In this guide
2. Full-time undergraduates
From September 2018, eligible first time undergraduates will get financial support for living costs while studying. The support will take the form of a combination of grants and loans (depending on eligibility), and for most will be equivalent to the National Living Wage. Students must be under 60 years old on the first day of the first academic year of their course to access an undergraduate maintenance loan.
Full-time undergraduates could be eligible for up to £12,260 a year towards their living costs if they live away from home and study in London and £9,810 per year in the rest of the UK.
Every eligible student will receive a grant of at least £1,000 regardless of household income. Students from homes with lower household income may be eligible for a grant of up to £10,124 if studying in London or up to £8,100 if studying in the rest of the UK. This grant does not have to be paid back.
|£59,200 or over||£1,000||£8,810||£9,810|
|£59,200 or over||£1,000||£11,260||£12,260|
|£59,200 or over||£1,000||£7,335||£8,335|
Under the support package, students will be eligible for loans to cover tuition fees. Most students won’t have to pay anything upfront for their course.
Students who began their course before August 2018 will continue to receive the student support package they currently get.
In addition to living costs and tuition fee support you could get the following support:
Childcare Grant – you could receive a Childcare Grant as a contribution towards the cost of your childcare if you have children in registered or approved childcare and are studying at an intensity of 50% or more. You won’t qualify for this grant if either you or your partner claims the child element of Working Tax Credit or Universal Credit, Childcare Allowance from the NHS or Tax-Free Childcare from HMRC. The amount of grant you will receive will depend on the intensity of your course, up to the available maximum part-time amounts.
Parents’ Learning Allowance - you could receive help with course-related costs if you have a dependent child or children. The maximum amount you could get is £1,557 per year but this will depend on your household income and course intensity.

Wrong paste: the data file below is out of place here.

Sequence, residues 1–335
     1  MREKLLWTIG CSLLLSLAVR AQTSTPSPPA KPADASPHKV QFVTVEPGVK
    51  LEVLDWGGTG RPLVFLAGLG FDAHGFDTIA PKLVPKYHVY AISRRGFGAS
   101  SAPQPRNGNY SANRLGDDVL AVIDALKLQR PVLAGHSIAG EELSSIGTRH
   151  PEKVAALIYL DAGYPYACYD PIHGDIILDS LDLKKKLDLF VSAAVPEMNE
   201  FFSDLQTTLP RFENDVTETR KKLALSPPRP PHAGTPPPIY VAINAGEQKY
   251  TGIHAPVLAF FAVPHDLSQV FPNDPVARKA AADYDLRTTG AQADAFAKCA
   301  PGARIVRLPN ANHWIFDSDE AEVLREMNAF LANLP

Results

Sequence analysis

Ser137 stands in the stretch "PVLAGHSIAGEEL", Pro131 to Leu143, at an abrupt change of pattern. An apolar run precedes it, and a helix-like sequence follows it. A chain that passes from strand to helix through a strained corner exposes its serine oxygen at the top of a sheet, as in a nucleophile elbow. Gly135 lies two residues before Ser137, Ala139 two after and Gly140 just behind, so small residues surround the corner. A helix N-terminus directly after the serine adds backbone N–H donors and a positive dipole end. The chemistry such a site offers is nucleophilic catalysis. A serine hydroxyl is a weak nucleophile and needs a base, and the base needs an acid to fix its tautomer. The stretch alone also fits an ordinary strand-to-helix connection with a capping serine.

Adult Dependants’ Grant - you can only apply for Adult Dependants’ Grant if you have a partner or another adult who is financially dependent on you. And you can only apply for this grant once. The maximum amount you could get is £2,732 per year but this will depend on your household income and course intensity.
Disabled Students’ Allowances - these are available to students to cover the additional study-related costs you may have as a direct result of a disability, long-term health condition, mental health condition or specific learning difficulty.The amount you get isn’t based on your household income. It’s based on your individual needs and your course intensity. The following table shows the types of help and the maximum amounts available for part-time study.
|Allowance||Maximum amount available|
|Non-medical helper||£17,443 per year|
|Specialist equipment||£5,849 for the whole course|
|General allowance||£1,465 per year|
|Disability-related travel||Reasonable spending on additional travel costs incurred as a result of your condition.|
Bursaries and scholarships - some universities and colleges may offer discretionary bursaries or scholarships. You can talk to your Student Support Service to see what additional financial help may be available to you. If you’re on a course which leads to a qualification in medicine, dentistry or healthcare then you might be able to get a bursary from the National Health Service (NHS). Visit the Student Award Services website to find out further information.
Further information about support is available on the Student Finance Wales website.